Confronting the show’s recent controversies was the bare minimum, but still significant.
On Monday night, The Bachelor — following a tumultuous season finale and weeks of controversy over racism — had one of its most direct conversations about race ever as the show continues to grapple with its own problems navigating this topic.
In an emotional After the Final Rose special, which aired live after the finale, Matt James — the first Black Bachelor in the show’s 19-year history — spoke about the unique pressures he experienced in this role as well as his reaction to the scrutiny of Rachael Kirkconnell, the winner of his season who’s faced criticism over racist actions that have surfaced from her past.
“It’s a lot of pressure,” said James, of the overwhelming expectations placed on him as the first Black Bachelor. “For a lot of people, that was the first time having someone like myself in their home. … The position I stepped into was to take on the weight of everything going on in the country in that time frame surrounding social justice and within the franchise surrounding diversity and inclusion.”
Following the revelations about Kirkconnell’s past behavior, which included attending an “Old South” antebellum party in 2018 and “liking” a social media photo of friends posing in front of a Confederate flag, James has been at the center of a firestorm that’s called attention not only to these specific allegations, but to much deeper issues around race within the Bachelor franchise. In particular, longtime host Chris Harrison made himself synonymous with such issues when he gave an explosive interview in February defending Kirkconnell and arguing that her actions may have been more acceptable three years ago, when she was a student.
“Is it a good look in 2018 or is it not a good look in 2021?” Harrison asked during a tense interview with Rachel Lindsay, who in 2017 became the first Black Bachelorette and has since become a commentator about the events of the entire franchise, including its shortcomings. “It’s not a good look, ever,” Lindsay replied.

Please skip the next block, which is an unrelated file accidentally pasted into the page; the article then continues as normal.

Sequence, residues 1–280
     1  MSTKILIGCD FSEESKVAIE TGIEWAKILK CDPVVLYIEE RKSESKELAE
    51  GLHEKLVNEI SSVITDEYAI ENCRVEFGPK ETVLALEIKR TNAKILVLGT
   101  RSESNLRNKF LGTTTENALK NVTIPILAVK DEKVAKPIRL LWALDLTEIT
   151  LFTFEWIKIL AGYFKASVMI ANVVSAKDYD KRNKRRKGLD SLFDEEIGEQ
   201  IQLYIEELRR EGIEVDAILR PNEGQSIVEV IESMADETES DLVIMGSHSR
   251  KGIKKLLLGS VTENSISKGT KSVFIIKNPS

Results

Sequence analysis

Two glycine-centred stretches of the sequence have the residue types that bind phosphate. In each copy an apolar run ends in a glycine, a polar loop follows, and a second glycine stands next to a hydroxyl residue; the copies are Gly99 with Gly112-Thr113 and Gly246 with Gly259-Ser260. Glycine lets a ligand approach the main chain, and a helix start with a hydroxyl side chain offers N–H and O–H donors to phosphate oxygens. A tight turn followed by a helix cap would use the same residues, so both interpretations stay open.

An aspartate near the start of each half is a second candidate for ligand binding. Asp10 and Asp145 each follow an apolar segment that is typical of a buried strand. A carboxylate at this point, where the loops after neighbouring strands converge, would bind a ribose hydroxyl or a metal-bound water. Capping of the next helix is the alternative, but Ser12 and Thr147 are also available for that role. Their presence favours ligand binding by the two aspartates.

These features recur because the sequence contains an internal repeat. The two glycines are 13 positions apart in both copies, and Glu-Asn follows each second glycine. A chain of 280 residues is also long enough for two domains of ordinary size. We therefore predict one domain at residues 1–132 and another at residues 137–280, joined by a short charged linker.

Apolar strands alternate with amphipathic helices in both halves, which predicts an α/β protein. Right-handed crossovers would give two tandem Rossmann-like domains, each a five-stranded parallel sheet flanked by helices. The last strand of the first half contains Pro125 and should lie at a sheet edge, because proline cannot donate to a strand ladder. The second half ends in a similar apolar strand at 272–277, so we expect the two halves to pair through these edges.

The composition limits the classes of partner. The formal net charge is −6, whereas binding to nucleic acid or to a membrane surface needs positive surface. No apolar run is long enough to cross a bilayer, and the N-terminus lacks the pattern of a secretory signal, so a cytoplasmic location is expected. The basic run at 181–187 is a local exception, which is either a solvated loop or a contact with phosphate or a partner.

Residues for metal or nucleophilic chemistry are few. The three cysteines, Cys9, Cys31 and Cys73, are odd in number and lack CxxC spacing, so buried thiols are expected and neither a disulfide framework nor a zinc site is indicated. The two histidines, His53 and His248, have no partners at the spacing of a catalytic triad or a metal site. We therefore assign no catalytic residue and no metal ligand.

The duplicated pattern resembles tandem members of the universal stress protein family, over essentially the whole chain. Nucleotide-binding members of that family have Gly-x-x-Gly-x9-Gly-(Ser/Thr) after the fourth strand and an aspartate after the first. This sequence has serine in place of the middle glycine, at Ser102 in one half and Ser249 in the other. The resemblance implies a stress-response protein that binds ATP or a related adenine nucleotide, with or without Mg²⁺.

In the wake of that interview, Harrison has stepped back from his hosting duties. Not only has it been announced that Harrison will not be helming the next season of The Bachelorette, but he was replaced by author and former football player Emmanuel Acho on Monday’s After the Final Rose special. “This might just be the most uncomfortable conversation in Bachelor history,” Acho said as the special began, teasing his interviews with James and Kirkconnell. Acho laid out specifically, too, what exactly Kirkconnell had done by attending the “Old South” party, noting that “antebellum” translates directly to “before the war” in Latin, and refers to a time prior to the Civil War, when slavery still existed.
James, in his comments, stressed that Kirkconnell’s actions were just as bad in 2018 as in 2021, and said he believed that she needed time and space to do the “work” and reflect on why they were harmful. “As someone who grew up in the South, it takes me to a place that I don’t often like to think about. I wasn’t okay,” James explained, adding that the two have since broken up and that he felt Kirkconnell had to reckon with her actions on her own.
“The most disappointing thing for me was having to explain to you why what I saw was problematic and why I was so upset. … And so when I questioned our relationship, it was in the context of you not fully understanding my Blackness,” James said, while speaking with Kirkconnell on After the Final Rose. “I don’t want to be emotionally responsible for those tears, because it’s like, the work and the reconciliation that needs to be done is one thing I can’t do for you.”
Harrison and Kirkconnell have both apologized for their actions, and Kirkconnell emphasized on Monday that she is confronting her ignorance and behavior. “I see someone who was living in this ignorance without thinking who it would be hurting,” Kirkconnell said of her attendance at the “Old South” party. “I never asked myself, ‘What is the history behind this?’” Kirkconnell reiterated that there is no excuse for her actions and rebuffed earlier comments from viewers who’ve sought to defend her by arguing that such parties have long been commonplace in the south.
This conversation was significant for The Bachelor, largely because of how much the franchise has long avoided confronting its problems with race. Those problems include casting racist contestants, amplifying stereotypes and playing into harmful tropes in storylines about contestants of color, and staying quiet on issues of discrimination and inequality.
Just two years ago, the show aired a segment about racism that never once used the word: Instead, it focused on contestants of color saying how the “hate” they received was uncomfortable.
Monday’s After the Final Rose conversation was the least The Bachelor could have done to demonstrate that it wants to have explicit and thoughtful conversations about racism within the franchise moving forward. As the show promises to take steps to reckon with its deeper issues around race — including expanding the BIPOC representation among its executive producers — this discussion marked a long overdue start.
Author: Li Zhou